“Over $175 million was spent on gas alone.”

Mashable adds:

An overwhelmed Ethereum Network….caused fees to skyrocket to astronomically high amounts…. One cryptocurrency advocate noticed that from just the Bored Ape’s NFT sale, approximately $100 million were wasted during the first hour of the “land” sale in gas fees alone.
As mentioned earlier, transactions can often fail when the Ethereum network is facing unusually high traffic. And last night, many people paid thousands in gas fees for transactions that didn’t even go through.
Yuga Labs says it will refund users those fees, but it’s unclear just how the company plans to do that. Also, Yuga Labs will ostensibly only cover the fees from failed transactions directly involving the company. If you’re a user who was attempting an unrelated transaction, you can say goodbye to those thousands in lost fees….
However, there was at least one winner from the Saturday night sale: Yuga Labs. The owner of the Bored Ape Yacht Club brand raked in $285 million from the NFT sale.

Transaction costs just to mint the Otherdeed NFTs after the launch “reached $123 million,” reports Bloomberg, “with each Otherdeed requiring about $6,000, or two Ether, in transaction fees to mint, according to data from Etherscan — or more than the price of the deed itself.”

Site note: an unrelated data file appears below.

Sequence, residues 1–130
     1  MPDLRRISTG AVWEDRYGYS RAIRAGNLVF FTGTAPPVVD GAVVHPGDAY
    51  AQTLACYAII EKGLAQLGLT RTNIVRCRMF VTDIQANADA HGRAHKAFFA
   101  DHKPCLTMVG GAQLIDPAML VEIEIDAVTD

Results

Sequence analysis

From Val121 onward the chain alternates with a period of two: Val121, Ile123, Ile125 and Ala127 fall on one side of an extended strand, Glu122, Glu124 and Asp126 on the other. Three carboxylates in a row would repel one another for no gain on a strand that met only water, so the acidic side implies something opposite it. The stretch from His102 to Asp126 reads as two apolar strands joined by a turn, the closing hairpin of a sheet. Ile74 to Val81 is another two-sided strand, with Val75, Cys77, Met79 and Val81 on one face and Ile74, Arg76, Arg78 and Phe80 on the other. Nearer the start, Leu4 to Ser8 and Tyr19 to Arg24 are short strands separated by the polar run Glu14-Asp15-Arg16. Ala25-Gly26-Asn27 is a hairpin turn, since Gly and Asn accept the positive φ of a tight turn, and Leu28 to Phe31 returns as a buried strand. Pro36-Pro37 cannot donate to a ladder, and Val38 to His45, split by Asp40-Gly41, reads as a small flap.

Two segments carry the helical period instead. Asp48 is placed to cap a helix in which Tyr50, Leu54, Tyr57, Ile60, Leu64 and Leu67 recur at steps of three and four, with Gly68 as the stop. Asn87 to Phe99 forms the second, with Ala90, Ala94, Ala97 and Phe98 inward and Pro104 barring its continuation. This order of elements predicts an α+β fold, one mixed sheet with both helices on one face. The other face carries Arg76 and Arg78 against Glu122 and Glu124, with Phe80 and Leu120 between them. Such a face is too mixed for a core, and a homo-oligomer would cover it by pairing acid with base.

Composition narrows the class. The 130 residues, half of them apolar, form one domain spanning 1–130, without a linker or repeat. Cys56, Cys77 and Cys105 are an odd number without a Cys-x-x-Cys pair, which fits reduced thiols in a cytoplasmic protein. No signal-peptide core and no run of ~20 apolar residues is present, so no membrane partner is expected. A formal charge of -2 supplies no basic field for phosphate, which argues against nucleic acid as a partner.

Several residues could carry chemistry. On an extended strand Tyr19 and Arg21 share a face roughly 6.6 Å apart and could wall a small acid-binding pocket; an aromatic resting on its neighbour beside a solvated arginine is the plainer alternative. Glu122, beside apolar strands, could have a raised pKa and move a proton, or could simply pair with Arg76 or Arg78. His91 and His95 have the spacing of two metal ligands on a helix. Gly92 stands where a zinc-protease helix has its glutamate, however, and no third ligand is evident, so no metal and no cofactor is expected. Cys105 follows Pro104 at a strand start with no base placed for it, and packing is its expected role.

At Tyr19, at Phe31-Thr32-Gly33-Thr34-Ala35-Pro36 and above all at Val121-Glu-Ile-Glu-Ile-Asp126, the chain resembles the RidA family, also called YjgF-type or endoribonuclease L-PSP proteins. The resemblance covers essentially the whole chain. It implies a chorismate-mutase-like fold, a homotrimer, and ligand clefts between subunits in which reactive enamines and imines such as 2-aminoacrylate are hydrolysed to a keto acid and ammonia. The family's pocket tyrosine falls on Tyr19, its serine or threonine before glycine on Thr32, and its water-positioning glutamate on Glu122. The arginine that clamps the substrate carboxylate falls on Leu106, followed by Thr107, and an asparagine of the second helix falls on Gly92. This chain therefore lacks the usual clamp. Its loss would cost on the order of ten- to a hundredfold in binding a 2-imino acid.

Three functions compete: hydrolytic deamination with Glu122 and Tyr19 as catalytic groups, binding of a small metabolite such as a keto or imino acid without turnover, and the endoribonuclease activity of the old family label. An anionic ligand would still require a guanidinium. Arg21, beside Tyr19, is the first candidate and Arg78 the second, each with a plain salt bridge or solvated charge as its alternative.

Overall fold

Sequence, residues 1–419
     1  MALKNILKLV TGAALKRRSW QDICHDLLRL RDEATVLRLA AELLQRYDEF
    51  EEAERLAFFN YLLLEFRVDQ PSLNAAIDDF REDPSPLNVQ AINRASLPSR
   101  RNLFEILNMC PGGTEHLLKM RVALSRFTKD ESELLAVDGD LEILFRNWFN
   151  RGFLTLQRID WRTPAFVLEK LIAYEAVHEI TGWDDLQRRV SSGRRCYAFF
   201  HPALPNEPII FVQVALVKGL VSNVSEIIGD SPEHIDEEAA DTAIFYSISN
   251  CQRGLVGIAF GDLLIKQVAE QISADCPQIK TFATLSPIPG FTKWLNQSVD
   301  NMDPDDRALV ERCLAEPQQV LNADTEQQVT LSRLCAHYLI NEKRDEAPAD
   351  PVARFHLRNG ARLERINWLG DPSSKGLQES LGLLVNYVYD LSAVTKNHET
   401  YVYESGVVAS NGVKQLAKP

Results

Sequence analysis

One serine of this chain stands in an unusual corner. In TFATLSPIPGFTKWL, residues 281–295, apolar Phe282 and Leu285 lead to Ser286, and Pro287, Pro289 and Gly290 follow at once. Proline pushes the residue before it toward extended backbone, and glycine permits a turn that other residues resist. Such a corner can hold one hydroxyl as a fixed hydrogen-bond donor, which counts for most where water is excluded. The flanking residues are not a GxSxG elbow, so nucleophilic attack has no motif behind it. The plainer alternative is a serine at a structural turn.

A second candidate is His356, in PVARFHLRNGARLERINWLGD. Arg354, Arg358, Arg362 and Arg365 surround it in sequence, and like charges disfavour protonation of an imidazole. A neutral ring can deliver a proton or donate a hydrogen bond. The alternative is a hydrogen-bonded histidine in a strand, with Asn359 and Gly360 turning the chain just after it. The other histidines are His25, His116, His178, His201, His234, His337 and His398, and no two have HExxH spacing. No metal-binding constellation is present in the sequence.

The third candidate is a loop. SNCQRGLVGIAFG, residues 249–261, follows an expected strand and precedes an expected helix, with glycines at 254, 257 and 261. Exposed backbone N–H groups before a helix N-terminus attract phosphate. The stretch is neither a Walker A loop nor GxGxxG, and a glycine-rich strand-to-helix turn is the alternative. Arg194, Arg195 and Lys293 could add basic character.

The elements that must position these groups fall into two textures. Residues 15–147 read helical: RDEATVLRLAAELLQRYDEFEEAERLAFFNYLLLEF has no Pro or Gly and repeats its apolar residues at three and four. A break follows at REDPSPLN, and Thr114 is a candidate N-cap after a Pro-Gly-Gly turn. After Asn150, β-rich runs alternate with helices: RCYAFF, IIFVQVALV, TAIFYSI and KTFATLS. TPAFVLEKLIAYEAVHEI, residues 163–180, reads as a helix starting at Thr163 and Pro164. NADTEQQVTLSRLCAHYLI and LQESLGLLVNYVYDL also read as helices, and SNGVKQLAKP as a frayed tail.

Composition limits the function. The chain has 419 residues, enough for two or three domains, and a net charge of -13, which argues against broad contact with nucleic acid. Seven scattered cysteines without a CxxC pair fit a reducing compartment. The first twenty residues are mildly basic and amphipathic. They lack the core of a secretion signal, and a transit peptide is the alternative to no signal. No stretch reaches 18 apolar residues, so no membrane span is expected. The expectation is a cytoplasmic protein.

Yuga Labs apologised on Twitter for “turning off the light on Ethereum”, and suggested the possibility of establishing an ApeCoin blockchain.

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The 11,000-Member Discord Channel For People Pretending to Be VR Police Officers

On the VRChat platform, there’s a fake law-enforcement agency called The Loli Police Department, reports Input magazine.

Though it began as a joke, after four years its Discord channel now has 11,000 members, and “The tightly run community allows members to experience a fantasy version of police life and prides itself on being a source of chaotic good in the strange world of virtual reality.”

Members move through the ranks — from cadet on up — based on their activity level, which is tracked via the group’s Discord. Everything is carefully orchestrated to mimic IRL police…. Karet, a 29-year-old game developer and LPD captain from Texas, says that the hard work of volunteers allows users to roleplay police activities in a realistic environment. “We have some of our own worlds — like the hospital for our medical division, where we can pretend someone is getting treatment, or the jail where we put criminals,” says Karet, who designed the LPD station and jail.